Landing into New Havana, Cuba.

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The city of Havana is split into several areas. The city is the country’s capital and primary trading port. It spans a large area of over 782 sq kilometers, making it a challeging area to explore without transportation. We’d start exploring the city by travelling through Revolution Square, the Capitolo Nacionale, calling in a El Floridita Bar, and walking the Paseo del Marti (Prado).


This post is one chapter on our trip to the isolated country of Cuba. This trip was planned through Westjet Vacations. For more information on how this trip was booked, please see our trip introduction here. For other parts of the trip, please see this index.

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Activity: Landing into New Havana, Cuba.


After travelling up from Varadero, we drove down the Malecon, up past the North Korean Embassy and over to Revolution Square. Revolution Square is among the most famous squares in Havana and Cuba. It was the site of where the Pope addressed the nation and also recently the sight of Fidel Castro’s funeral.

Revolution Square:

Revolution Square contained some rather odd metal sculptures of Che Guerrera and other sayings on the sides of the government buildings that faced the square.

As always in Cuba, there were those on the private car circuit. All the rides were lined up for all too see and like super models, the subjects of hundreds of photographs. These cars appear in terrific condition and it’s hard not to be captivated by what they represent.

Our group left Plaza de la Revolution and headed through Havana Centro and over to the Capitolo Nacionacle. Our travels took us through the locals’ area of Havana with some décor and architecture of years past.

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Capitolo Nacionale:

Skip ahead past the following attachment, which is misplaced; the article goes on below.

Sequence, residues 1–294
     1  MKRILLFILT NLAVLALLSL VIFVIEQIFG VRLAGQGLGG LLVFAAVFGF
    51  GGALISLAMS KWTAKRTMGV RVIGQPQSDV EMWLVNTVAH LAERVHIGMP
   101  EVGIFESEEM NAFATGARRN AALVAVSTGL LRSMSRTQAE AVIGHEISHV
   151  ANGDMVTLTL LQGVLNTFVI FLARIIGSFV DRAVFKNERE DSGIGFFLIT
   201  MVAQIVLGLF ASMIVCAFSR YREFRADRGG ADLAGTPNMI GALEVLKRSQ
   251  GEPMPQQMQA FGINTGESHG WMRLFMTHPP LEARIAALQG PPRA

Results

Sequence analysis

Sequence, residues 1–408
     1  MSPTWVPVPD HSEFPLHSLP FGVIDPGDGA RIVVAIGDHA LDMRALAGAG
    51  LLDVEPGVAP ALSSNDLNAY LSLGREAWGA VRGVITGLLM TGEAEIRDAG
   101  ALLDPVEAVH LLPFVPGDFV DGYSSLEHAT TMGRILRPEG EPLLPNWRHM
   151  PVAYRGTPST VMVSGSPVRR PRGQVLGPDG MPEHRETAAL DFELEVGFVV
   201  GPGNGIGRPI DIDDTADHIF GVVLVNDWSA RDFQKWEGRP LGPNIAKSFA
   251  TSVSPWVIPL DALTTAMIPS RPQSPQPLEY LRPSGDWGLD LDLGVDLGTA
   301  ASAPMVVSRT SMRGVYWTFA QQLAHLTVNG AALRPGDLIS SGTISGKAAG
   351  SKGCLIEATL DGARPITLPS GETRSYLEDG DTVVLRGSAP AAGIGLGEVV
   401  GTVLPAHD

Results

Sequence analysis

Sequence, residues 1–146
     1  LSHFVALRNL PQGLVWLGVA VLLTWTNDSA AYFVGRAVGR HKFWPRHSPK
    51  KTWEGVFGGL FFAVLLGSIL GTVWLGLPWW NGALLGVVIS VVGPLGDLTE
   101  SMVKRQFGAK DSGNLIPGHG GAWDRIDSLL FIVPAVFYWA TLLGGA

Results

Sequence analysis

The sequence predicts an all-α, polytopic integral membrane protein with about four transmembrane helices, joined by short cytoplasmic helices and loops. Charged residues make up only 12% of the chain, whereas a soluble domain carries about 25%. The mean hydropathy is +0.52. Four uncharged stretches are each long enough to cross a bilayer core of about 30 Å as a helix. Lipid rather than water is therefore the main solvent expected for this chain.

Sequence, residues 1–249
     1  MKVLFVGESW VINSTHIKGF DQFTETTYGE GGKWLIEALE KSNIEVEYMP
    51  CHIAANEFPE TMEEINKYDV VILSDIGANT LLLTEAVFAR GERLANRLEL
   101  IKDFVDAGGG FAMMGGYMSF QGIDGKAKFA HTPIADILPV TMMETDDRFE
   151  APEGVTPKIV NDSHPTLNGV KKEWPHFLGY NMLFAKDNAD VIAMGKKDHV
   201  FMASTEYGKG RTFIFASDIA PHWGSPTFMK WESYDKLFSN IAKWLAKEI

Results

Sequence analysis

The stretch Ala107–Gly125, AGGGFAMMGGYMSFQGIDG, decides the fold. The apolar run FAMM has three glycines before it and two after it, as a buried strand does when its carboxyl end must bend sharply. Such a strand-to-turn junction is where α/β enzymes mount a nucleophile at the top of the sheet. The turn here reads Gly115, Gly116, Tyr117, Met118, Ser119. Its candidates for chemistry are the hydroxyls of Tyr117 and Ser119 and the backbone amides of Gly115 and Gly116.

When we got to the Capitolo Nacionale, we got out on foot and started a guided walking tour through Havana Centro. The Capitolo Nacionale was oddly designed much like the US Capitol Building, a surprising feature for a country that has been at odds with the United States for almost sixty years.

The area around Capitalo Nacionale was quite interesting and it looked like an engaging place to stay. We started at Parque Centrale, which contained the first statute to be erected in Cuba in 1905. The area around the Parque is reported to be the home of the new Starwood Luxury Collection Hotel Angleterra when it opens later in 2017.

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Stopping at El Floridita:

We walked the short block over to El Floridita. El Floridita is the “cradle of the daiquiri”. It was reportedly created shortly after WWI, but popularized after Ernest Hemmingway visited in the 1930’s. There is a statute representation of him in the bar in the back.

We left El Floridita and walked over to the Paseo de Marti (Prado). The street was one of the first constructed outside of Havana’s walls and was intended to be as beautiful as the streets of Paris or Barcelona. It was a beautiful day for a walk. The building architecture down the street was simply stunning; a combination of old and aged world full of stories from an era past.

We wandered over towards Pavillion Granna. It’s an odd display of items of military importance to Cuba, including some of the missiles used to shoot down American spy planes.

Since there are no new American cars in Cuba, occasionally you can see an oddity such as this Chinese Geeley. These are all imported with over the top fees. Embassy car maybe?

My First Impressions of Walking in New Havana:

There was a lot to see in new Havana; much more than I initially anticipated. The history surrounding the buildings and structures was best appreciated with a guide, and we were led places of interest without having to worry much about planning or searching.


If you’ve travelled to Havana, did you use a guide to get around ?

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